WASHINGTON – President Barack Obama has a new go-it-alone strategy: When Congress blocks his way, the president says he plans to act on his own more often. (He's already done it quite a bit.) Five things to know about executive orders and other presidential edicts:
1. EVERY PRESIDENT DOES IT. The strategy goes all the way back to George Washington, who issued 8 executive orders, although that precise term wasn't in use then. Some big examples of unilateral executive action: Thomas Jefferson and the Louisiana Purchase. Abraham Lincoln's Emancipation Proclamation. Harry Truman desegregating the armed forces. George W. Bush establishing military tribunals to try "unlawful enemy combatants." Obama giving young people brought to this country illegally a reprieve from deportation.
2. THE OTHER PARTY HATES IT — UNTIL IT'S THEIR TURN. Members of the opposing party can be expected to criticize presidents who make an end run around Congress. They especially squawk about so-called midnight regulations that a president issues just before turning the White House over to someone of the opposing party. But once the tables are turned, the next president is apt to do the same thing. And the party that's now on the outside is sure to complain about an abuse of power.
3. NOT ALL EXECUTIVE ORDERS ARE "EXECUTIVE ORDERS." It's complicated. There are executive orders, proclamations, directives, memos and all sorts of other ways for presidents to get their way — within the limits of the Constitution and federal law. Proclamations, for example, have the same force of law as executive orders. The difference? Executive orders are aimed at those within government; proclamations at those outside government. Examples: Obama's move to raise the minimum wage for new federal contractors will be an executive order. His deferred deportation program came out as a policy memo from his Homeland Security secretary. Bill Clinton's last-minute move to protect more than a million acres of land by creating new national monuments came as a series of proclamations. Gerald Ford pardoned Richard Nixon with a proclamation. Jimmy Carter pardoned Vietnam draft evaders with a proclamation.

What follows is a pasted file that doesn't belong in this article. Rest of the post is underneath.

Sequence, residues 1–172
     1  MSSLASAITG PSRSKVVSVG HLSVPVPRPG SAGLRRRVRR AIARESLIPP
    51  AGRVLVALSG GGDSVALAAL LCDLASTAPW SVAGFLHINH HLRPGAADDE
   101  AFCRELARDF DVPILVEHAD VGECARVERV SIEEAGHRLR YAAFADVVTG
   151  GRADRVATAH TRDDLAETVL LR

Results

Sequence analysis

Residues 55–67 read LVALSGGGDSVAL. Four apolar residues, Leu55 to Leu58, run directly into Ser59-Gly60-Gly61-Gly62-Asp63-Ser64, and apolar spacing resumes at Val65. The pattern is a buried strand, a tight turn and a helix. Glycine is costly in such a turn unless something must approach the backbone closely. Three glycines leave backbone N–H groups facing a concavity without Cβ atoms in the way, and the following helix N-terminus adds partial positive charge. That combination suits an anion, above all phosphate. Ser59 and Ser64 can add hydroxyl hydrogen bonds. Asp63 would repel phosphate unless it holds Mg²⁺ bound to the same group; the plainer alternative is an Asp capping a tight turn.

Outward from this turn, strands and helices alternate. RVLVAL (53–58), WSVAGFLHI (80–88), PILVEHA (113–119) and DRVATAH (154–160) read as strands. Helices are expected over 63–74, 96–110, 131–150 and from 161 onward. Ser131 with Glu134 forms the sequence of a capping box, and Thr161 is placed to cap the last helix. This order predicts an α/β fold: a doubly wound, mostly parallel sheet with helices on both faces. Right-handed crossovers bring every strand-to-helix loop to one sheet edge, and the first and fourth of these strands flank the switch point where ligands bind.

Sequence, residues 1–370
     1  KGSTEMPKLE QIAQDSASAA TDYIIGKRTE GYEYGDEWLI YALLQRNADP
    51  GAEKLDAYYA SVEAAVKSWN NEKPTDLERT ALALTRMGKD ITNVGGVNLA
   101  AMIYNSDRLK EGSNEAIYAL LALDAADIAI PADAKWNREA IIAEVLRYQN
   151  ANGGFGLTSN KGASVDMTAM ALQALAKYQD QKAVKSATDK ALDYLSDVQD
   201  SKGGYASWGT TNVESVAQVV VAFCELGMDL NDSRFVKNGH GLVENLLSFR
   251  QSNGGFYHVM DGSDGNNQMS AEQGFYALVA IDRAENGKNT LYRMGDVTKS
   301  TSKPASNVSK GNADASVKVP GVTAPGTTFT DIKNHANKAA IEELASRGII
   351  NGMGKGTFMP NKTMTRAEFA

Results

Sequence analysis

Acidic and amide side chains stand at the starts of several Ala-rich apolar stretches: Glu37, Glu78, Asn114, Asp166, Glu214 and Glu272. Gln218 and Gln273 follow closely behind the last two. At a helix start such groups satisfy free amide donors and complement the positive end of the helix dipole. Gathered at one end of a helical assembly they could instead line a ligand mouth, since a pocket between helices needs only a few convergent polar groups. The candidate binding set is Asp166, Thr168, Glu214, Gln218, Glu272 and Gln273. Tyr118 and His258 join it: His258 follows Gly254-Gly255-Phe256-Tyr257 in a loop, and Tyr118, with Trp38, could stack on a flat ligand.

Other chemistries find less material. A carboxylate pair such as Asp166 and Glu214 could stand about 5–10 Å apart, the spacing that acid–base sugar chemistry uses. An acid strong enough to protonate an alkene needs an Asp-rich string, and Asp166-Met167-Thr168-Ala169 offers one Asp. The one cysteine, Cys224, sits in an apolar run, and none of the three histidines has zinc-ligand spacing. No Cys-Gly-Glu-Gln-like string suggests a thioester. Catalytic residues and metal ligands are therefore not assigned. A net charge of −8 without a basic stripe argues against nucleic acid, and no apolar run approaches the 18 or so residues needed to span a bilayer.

4. EXECUTIVE ACTIONS AREN'T SET IN STONE — OR FOOLPROOF. Future presidents can reverse their predecessors with the stroke of a pen. The so-called "global gag rule," which denies U.S. dollars to any international family planning group that provides abortion-related services or information, has gone back and forth like a ping-pong ball. It was imposed by Ronald Reagan, rescinded by Clinton, re-instituted by Bush, yanked again by Obama.
Sometimes, though, presidential actions are harder to reverse. In Clinton's final days in office, his administration set tighter standards for the amount of arsenic allowed in drinking water. Bush suspended the rules for a while, but ultimately let them go through after facing a public outcry.
Some executive actions just don't pan out. In his first week in office, Obama signed an executive order to close the prison at the U.S. naval base in Guantanamo, Cuba.
Not so fast, Mr. President: Congress has used its budgeting power to block Guantanamo detainees from being moved to the United States ever since.
5. OBAMA'S USE OF EXECUTIVE POWER ISN'T OUT OF THE ORDINARY. Executive actions are hard to quantify, since they take so many forms. Further, numbers don't tell the whole story since one action might celebrate a birthday and another declare slaves to be free. As for executive actions overall, Obama "has used them a lot, but his use of them is not at all unusual or exceptional," says Kenneth Mayer, a political science professor at the University of Wisconsin-Madison who's written a book on the executive orders. Obama has issued about 34 formal executive orders per year; compared to about 36 per year for Bush, 46 for Clinton and 48 for Ronald Reagan, according to The American Presidency Project at the University of California-Santa Barbara.